The burden of the hike that the state will face (Rs. 75 crore in five years) could have easily saved the lives of these farmers had they been given the loan waivers or financial assistance in time.

But that would have happened only when the people would be the priority. The brazen defence of the salary hike by the Telangana government and KCR tells us they don’t care at all.

KCR may blame Andhra Pradesh and Chandrababu Naidu for Telangana farm suicides but that would not stop the farm suicides.

KCR’s efforts to justify the MLA salary hike and deflect the blame to Chandrababu Naidu – amidst 400 farm suicides – was the Telangana fight for it?

©/IPR: Santosh Chaubey –


Pundit Jawaharlal Nehru, like others were, in 1947, was a freedom fighter first, before being the politician of the Independent India, who was going to be its first prime minister.

And in spite of the differences with his fellow freedom fighters, he was one of the luminaries who could comfortably be placed in the second line with fellow members with the mutual respect they had for each-other. Naturally, the first line was the Mahatma himself.

But, then, that was it only.

Probably, it was one among the many harms that the sudden demise of the Mahatma caused to the cause of the independent India.

Mahatma, the architect of the Indian Independence Movement and the Father of the Nation, had foreseen something and had advocated of dissolving the Indian National Congress to establish a new political order in India with wider participation and diversified freshness.

Till August 15, 1947, the Indian National Congress was an independence movement.

After it, it directly donned the role of a political party when India needed a ‘political movement’.

What the Mahatma advocated was the propagation of a political movement.

Had the Mahatma been there, the nation could have this much needed change, under his guidance and unselfish love for the motherland.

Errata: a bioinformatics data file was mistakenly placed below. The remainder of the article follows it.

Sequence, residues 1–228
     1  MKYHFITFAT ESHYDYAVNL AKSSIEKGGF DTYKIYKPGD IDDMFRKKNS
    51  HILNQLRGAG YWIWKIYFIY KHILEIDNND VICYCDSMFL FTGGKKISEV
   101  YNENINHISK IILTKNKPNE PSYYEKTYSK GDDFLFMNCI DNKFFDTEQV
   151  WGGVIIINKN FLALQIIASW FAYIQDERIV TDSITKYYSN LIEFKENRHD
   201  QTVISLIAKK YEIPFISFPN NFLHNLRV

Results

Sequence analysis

After few months of getting independence, Mahatma Gandhi was taken away from among us when a fanatic killed him, and with it died many hopes of having a transformed India in the future.

Now, it was solely to Nehru and the Indian National Congress. Still there was some sanity till the first elections were held in 1951-52 because of the larger breed of the freedom fighter in the formative years of governance. But cracks were appearing. Many Congress stalwarts left the party because of Nehru.

These could have been accepted as products of regular political process had it not been for Nehru’s political behaviour.

What India needed when it got a wounded independence, riots, displacements and millions of humiliated souls was people in the office with highest standards of probity and personal integrity. There are many to be placed on that pedestal, but when we look back now, we can easily say that the person at the top, Jawaharlal Nehru, could not follow his dignified past of the pre-independence days.

The first and the foremost pre-condition of that probity was to take everyone else as the equal partner in the nation-building process while at the same time, following the strict discipline of the politics of probity.

Sadly, first Feroze Gandhi and then Indira Gandhi gave us a paradox that pushed us to question Nehru’s motives as he went ahead with his prime-ministerial terms, from first to second, to third.